It is well known that mixing slurry can produce toxic gasses like hydrogen sulphide (H2S), which is invisible although it smells like rotten eggs. In a confined area, like a slatted floor shed, it can rapidly suffocate animals or humans.
Adding silage effluent to slurry increases the risk as it feeds the bacteria which produce the H2S gas. Gypsum or calcium sulphate, which is increasingly being used for animal bedding, contains raised levels of sulphur, encouraging the production of even more H2S when it is incorporated into slurry.
Following a number of recent livestock deaths in Scotland and Northern Ireland, the statement provides formal guidance on restrictions associated with the material.
The guidance highlights how the use of recycled gypsum as animal bedding would require a waste management licence as there is no exemption, within Scottish environmental legislation, for this material to be used in such circumstances.
However, due to the associated risk to animal and human health, it would be unlikely Sepa would be able to grant a licence if it were to be used as animal bedding.
As there are no exemptions in the waste legislation to allow the use of waste gypsum and waste plasterboard as animal bedding, any such uses may be reported to the procurator-fiscal as an offence under Section 33 of the Environmental Protection Act 1990.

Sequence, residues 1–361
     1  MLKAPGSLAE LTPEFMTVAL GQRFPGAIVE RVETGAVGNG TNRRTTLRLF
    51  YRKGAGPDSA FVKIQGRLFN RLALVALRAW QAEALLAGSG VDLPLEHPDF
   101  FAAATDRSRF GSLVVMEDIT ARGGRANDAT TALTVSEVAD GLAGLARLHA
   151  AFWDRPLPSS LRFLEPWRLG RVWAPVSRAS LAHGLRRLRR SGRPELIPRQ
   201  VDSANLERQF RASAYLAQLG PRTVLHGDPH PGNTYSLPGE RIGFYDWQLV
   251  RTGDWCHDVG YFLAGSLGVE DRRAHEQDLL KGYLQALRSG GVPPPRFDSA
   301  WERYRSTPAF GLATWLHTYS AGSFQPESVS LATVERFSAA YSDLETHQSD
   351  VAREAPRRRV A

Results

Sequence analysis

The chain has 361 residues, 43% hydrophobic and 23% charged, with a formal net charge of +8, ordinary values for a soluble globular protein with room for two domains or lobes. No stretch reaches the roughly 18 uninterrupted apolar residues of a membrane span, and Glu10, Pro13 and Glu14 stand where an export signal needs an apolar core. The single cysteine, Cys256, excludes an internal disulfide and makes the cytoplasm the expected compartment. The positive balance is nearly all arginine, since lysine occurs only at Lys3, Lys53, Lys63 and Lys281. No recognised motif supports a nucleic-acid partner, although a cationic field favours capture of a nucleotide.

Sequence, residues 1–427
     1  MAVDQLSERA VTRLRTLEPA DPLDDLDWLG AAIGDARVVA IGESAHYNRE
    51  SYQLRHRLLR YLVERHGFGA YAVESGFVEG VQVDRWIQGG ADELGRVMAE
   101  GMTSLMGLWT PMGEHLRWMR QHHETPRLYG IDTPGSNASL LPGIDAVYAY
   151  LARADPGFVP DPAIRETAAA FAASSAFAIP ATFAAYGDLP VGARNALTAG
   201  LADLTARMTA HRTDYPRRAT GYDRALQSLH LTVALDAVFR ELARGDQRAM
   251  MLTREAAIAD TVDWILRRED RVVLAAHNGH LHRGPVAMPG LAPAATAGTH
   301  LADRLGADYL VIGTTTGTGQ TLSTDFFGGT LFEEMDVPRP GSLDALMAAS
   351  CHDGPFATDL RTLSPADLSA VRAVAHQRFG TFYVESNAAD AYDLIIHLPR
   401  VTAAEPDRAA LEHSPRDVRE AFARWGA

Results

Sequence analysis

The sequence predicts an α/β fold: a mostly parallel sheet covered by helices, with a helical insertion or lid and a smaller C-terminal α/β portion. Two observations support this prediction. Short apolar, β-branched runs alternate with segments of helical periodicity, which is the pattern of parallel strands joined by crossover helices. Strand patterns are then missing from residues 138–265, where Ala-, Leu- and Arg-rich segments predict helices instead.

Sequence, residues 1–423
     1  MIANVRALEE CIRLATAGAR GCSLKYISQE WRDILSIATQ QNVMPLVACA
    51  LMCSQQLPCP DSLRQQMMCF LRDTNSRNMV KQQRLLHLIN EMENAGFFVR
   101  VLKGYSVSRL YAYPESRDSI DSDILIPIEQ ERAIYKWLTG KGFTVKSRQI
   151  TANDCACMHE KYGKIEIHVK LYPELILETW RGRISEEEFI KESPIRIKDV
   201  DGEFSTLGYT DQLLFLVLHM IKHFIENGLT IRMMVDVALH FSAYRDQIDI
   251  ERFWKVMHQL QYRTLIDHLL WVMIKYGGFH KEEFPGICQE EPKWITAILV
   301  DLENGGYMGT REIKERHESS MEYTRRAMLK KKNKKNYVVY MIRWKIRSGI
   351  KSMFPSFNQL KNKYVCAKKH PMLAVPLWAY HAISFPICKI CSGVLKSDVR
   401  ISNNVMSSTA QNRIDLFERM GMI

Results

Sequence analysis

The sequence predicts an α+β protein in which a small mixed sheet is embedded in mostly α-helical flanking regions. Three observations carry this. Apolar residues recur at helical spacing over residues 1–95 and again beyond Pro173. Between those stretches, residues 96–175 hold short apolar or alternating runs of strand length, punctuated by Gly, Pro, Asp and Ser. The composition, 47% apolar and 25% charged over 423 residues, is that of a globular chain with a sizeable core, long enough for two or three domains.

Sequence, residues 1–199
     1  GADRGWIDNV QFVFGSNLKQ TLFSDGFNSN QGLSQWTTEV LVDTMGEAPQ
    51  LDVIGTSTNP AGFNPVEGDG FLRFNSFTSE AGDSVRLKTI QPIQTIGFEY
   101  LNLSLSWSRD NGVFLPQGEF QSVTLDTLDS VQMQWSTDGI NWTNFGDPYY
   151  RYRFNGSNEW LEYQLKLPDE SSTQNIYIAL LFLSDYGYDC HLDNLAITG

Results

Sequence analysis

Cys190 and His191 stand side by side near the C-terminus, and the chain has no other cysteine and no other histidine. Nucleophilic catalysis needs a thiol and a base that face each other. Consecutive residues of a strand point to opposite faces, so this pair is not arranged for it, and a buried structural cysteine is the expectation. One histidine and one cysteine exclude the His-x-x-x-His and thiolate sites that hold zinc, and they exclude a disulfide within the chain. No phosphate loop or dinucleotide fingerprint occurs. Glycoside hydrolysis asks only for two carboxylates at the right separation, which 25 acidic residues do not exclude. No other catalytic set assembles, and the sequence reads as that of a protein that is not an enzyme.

Stephen Field, land unit manager of Sepa, said: "The disposal of plasterboard, gypsum and gypsum-containing wastes can lead to the production of the highly odorous, and toxic gas, H2S. Due to its high levels of sulphate, gypsum, and wastes with similar properties, cannot be land-filled with biodegradable waste in Scotland.
"When used in animal bedding, it is likely waste gypsum will produce considerable levels of H2S due to the damp, non-ventilated conditions. In such circumstances, H2S presents a significant risk to animal and human life, as well as the environment, and we would advise against anyone using it for this purpose until there is clear, scientific evidence to demonstrate it does not pose such a risk".
l Rural communities in Scotland can now apply for support to help buy their land, Environment Minister Stewart Stevenson announced yesterday.
The new £6 million Scottish Land Fund – which will be delivered by Big Lottery Fund Scotland and Highlands and Islands Enterprise – will empower communities by helping them acquire land and opens for applications on Monday, July 2.
UNITED Auctions sold 177 store bullocks at Stirling yesterday to a top of 251.6p per kg and an average of 206.3p (-2.3p on the week), while 84 store heifers peaked at 222.7p and levelled at 201.2p (-1.5p). In the rough ring, 75 cast cows averaged 145.3p.